Tag Archive for 'Girl child'

It’s a girl

Please watch till the last scene.

In India, China and many other parts of the world today, girls are killed, aborted and abandoned simply because they are girls. The United Nations estimates as many as 200 million girls are missing in the world today because of this so-called “gendercide”.

Cat got your tongue?

In the Economist, a review of Mara Hvistendahl‘s Unnatural Selection: Choosing Boys Over Girls, and the Consequences of a World Full of Men:

As he walked into the maternity ward of Lok Nayak Jayaprakash Narayan Hospital in Delhi on his first day at work in 1978, Puneet Bedi, a medical student, saw a cat bound past him “with a bloody blob dangling from its mouth.” “What was that thing—wet with blood, mangled, about the size of Bedi’s fist?” he remembers thinking. “Before long it struck him. Near the bed, in a tray normally reserved for disposing of used instruments, lay a fetus of five or six months, soaking in a pool of blood…He told a nurse, then a doctor, I saw a cat eat a fetus. Nobody on duty seemed concerned, however.” Mara Hvistendahl, a writer at Science magazine, is profoundly concerned, both about the fact that abortion was treated so casually, and the reason. “Why had the fetus not been disposed of more carefully? A nurse’s explanation came out cold. “Because it was a girl.”

Sex-selective abortion is one of the largest, least noticed disasters in the world. Though concentrated in China and India, it is practised in rich and poor countries and in Buddhist, Hindu, Christian and Muslim societies alike. Because of males’ greater vulnerability to childhood disease, nature ensures that 105 boys are born for every 100 girls, so the sexes will be equal at marriageable age. Yet China’s sex ratio is 120 boys per 100 girls; India’s is 109 to 100.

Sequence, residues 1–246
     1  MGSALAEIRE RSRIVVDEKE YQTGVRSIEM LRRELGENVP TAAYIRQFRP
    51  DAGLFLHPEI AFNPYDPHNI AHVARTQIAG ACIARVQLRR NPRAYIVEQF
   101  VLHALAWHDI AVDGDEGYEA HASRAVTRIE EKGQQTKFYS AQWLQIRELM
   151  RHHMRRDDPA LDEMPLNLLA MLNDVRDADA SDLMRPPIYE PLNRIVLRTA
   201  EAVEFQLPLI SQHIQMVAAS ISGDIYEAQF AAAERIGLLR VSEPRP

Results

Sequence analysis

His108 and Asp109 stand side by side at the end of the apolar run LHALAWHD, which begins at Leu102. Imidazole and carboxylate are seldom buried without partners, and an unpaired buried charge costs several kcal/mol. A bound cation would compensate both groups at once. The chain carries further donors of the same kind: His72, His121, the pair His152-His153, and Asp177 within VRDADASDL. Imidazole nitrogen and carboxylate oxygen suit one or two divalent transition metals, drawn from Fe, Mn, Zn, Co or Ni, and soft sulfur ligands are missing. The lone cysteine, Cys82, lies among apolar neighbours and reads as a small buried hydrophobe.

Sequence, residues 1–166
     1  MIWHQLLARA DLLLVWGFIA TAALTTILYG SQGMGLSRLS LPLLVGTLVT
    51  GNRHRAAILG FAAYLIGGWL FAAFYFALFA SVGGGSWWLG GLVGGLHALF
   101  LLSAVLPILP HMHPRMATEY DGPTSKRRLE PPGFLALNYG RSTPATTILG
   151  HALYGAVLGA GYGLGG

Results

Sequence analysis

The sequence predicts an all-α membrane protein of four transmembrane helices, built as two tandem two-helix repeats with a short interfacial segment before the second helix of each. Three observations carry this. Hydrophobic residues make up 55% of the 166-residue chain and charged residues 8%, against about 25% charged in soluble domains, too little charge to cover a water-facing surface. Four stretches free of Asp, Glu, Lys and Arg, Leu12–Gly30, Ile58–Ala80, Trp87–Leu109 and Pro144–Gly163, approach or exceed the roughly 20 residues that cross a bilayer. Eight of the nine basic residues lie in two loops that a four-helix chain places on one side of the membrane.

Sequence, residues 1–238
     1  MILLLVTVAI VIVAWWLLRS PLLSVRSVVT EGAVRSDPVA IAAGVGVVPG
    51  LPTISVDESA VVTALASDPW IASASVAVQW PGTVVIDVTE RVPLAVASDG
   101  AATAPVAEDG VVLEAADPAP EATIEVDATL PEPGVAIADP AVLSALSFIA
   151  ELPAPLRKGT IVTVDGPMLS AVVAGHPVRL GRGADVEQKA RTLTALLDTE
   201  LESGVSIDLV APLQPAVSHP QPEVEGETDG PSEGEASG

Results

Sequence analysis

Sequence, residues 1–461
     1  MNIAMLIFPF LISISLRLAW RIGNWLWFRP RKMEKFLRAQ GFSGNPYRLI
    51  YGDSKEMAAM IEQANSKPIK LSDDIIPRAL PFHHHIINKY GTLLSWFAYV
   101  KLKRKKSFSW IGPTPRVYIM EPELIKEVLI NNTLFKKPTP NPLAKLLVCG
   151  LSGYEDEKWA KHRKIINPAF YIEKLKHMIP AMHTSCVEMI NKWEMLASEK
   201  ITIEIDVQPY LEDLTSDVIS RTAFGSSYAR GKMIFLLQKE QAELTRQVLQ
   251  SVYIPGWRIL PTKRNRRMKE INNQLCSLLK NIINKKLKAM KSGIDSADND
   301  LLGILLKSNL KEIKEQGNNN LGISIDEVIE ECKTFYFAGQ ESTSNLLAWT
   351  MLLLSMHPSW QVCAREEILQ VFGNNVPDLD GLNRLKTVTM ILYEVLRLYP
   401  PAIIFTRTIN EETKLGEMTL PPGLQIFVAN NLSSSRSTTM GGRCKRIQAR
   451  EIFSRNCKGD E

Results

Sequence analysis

The usual view of why this should be stresses traditional “son preference” in South and East Asia. Families wanted a son to bear the family name, to inherit property and to carry out funerary duties. Ms Hvistendahl has little truck with this account, which fails to explain why some of the richest, most outward-looking parts of India and China have the most skewed sex ratios. According to her account, sex-selection technologies were invented in the West, adopted there as a population-control measure and exported to East Asia by Western aid donors and American military officials. More:

Did the West fund India’s female foeticide?

The story behind India’s missing girls lays bare a global history of population control. Mara Hvistendahl in The Caravan:

Midway through his career, Christophe Guilmoto stopped counting babies and started counting boys. A French demographer with a mathematician’s love of numbers and an anthropologist’s obsession with detail, he had attended graduate school in Paris in the 1980s, when babies had been the thing. By the time Guilmoto started his

PhD, birth rates had started falling around the world, but the populations of many developing nations were still growing, and it was hard to shake the idea that overpopulation was a grave threat. Like many of his contemporaries he concentrated on studying the drop in fertility, searching for clues to what factors proved decisive in lowering a country’s birth rate. He did his dissertation research in Tamil Nadu, where the birth rate had fallen to European levels even as income levels remained low, and as he graduated and started working as a scholar he returned there many times. By 1998 he headed up the South India Fertility Project, a formal effort to catalogue the successes of Tamil Nadu and surrounding states. But over the course of working in the region, he realised demography’s big story had changed. People in India were not simply having fewer children. They were having fewer girls. Population growth had been slowed, in part, by reducing the number of daughters.